27-08-2007 - Veterinarians applaud MAF’s rapid action to prevent entry of equine influenza
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27 August 2007
The New Zealand Veterinary Association (NZVA) applauds the speed with which MAF Biosecurity New Zealand has acted to prevent equine influenza being brought into the country after its diagnosis in Australia.
“MAF rapidly closed the borders so that no further horses could enter the country,” says NZVA equine spokesperson Murray Brightwell. “MAF staff have also been tracing back the 100 or so horses that have come into New Zealand from Australia since the beginning of the month. So far it looks as if we have successfully kept the disease out.”
New Zealand is the last major horse producing country in the world that does not have equine influenza, which is endemic in all other countries with significant horse populations. The disease is seen as the greatest threat to the horse industry here.
“It’s the disease that we fear most,” says Dr Brightwell. “New Zealand horses would be highly susceptible as they have never been exposed to it. Equine influenza is highly contagious and if it did get here we would expect that it would spread rapidly and affect most of the horse population. It would be a nightmare.”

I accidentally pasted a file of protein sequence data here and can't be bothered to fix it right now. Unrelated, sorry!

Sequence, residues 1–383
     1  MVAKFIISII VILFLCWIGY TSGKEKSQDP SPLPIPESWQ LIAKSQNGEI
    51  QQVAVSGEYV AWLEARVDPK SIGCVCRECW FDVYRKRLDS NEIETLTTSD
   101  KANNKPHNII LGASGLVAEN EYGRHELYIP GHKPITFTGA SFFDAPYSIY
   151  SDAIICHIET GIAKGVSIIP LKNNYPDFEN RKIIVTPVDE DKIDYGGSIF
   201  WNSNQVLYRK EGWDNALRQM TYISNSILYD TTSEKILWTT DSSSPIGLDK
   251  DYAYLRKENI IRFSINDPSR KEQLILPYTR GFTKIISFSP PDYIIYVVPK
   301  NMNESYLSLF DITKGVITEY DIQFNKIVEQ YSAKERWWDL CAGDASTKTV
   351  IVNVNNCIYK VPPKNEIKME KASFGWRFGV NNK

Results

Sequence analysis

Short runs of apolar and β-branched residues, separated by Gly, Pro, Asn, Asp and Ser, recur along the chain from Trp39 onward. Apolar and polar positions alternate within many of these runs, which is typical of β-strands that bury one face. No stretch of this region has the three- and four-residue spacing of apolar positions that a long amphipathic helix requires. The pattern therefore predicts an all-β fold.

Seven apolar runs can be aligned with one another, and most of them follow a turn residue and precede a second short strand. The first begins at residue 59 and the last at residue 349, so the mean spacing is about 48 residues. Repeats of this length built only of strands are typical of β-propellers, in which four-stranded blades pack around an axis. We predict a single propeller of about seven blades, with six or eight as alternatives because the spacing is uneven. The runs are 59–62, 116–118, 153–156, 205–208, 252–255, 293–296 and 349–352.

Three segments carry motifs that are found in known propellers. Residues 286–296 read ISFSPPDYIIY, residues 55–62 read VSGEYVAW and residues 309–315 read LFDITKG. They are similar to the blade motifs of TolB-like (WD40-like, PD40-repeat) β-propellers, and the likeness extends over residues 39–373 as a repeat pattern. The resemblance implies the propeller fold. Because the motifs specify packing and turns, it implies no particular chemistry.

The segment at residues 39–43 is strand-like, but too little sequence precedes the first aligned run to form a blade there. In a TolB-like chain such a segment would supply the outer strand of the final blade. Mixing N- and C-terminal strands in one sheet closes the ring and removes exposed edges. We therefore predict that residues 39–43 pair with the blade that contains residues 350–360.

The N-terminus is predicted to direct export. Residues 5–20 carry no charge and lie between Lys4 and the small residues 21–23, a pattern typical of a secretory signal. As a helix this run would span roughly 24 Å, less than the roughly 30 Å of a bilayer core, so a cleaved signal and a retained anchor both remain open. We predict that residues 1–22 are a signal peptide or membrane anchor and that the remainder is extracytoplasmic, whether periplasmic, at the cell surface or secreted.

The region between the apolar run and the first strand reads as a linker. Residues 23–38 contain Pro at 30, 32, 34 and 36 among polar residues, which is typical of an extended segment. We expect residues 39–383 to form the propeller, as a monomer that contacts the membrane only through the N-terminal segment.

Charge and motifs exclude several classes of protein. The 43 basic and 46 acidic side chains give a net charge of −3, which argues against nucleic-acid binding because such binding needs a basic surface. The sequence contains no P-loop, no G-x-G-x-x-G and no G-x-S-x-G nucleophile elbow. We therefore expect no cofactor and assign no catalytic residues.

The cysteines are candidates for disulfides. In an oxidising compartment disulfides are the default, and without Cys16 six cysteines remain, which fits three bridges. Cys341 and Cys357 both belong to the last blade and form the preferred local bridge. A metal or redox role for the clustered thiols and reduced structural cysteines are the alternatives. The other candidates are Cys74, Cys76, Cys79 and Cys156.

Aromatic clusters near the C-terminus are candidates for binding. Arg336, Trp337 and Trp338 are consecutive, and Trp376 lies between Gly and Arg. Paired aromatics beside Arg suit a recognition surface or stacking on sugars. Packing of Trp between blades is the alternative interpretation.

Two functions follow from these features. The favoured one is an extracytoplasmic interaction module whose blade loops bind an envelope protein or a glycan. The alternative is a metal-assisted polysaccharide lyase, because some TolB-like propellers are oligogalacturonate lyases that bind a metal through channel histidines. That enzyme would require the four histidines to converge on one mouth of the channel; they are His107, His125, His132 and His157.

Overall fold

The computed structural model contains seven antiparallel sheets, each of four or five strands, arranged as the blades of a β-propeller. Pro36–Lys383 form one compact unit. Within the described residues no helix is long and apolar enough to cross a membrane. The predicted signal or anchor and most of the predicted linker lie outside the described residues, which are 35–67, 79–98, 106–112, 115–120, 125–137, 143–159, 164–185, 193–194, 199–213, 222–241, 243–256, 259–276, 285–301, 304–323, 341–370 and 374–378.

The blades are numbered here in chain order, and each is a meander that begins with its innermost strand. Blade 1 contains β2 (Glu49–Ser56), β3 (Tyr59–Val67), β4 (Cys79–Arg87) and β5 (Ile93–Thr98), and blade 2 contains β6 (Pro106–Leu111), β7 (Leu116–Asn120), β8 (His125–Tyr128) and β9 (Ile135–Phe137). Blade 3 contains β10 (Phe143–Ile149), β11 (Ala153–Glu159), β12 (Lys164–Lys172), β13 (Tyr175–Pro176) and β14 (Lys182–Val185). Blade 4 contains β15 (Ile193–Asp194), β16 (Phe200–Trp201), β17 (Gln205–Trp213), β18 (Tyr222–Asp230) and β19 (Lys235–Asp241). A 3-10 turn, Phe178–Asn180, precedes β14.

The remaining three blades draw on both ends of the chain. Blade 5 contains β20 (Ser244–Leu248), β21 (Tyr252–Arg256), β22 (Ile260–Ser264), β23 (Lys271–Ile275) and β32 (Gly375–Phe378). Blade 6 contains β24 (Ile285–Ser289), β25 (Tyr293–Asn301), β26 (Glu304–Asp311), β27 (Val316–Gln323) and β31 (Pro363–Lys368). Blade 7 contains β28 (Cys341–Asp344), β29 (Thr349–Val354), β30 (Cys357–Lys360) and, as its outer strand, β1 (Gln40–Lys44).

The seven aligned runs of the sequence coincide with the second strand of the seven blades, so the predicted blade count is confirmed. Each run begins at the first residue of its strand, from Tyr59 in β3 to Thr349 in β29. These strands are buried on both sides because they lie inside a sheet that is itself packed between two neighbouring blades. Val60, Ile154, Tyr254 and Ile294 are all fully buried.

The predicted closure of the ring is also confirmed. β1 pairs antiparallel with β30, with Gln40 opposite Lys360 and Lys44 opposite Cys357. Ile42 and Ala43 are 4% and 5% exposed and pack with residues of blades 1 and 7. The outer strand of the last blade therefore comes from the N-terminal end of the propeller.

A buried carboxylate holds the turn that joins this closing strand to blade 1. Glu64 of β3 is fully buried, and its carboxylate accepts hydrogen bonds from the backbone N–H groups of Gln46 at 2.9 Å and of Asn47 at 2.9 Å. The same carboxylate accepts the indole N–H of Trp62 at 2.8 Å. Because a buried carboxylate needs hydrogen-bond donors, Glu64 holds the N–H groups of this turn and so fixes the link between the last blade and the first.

Dr Brightwell says although we appear to be free of equine influenza, horse owners should always be on the look out for the possible signs of infection.
“The virus causes typical flu signs and a high temperature. Owners should be concerned if a horse is off colour, stops eating and develops a dry hacking cough. Some horses get a runny nose and eyes and are stiff and sore. Although most will recover, it can take a long time, and young foals can develop pneumonia.”
He advises anyone concerned about a horse to contact their veterinarian or the MAF exotic disease hotline (0800 80 99 66) promptly.
“NZVA has been keeping its equine veterinarians up to date with regular communications. We are aware of our responsibility as the first line of defence in animal disease emergencies – rapid recognition and diagnosis are critical when we are dealing with any contagious disease,” he said.
Contact: Murray Brightwell, telephone 027 493 4736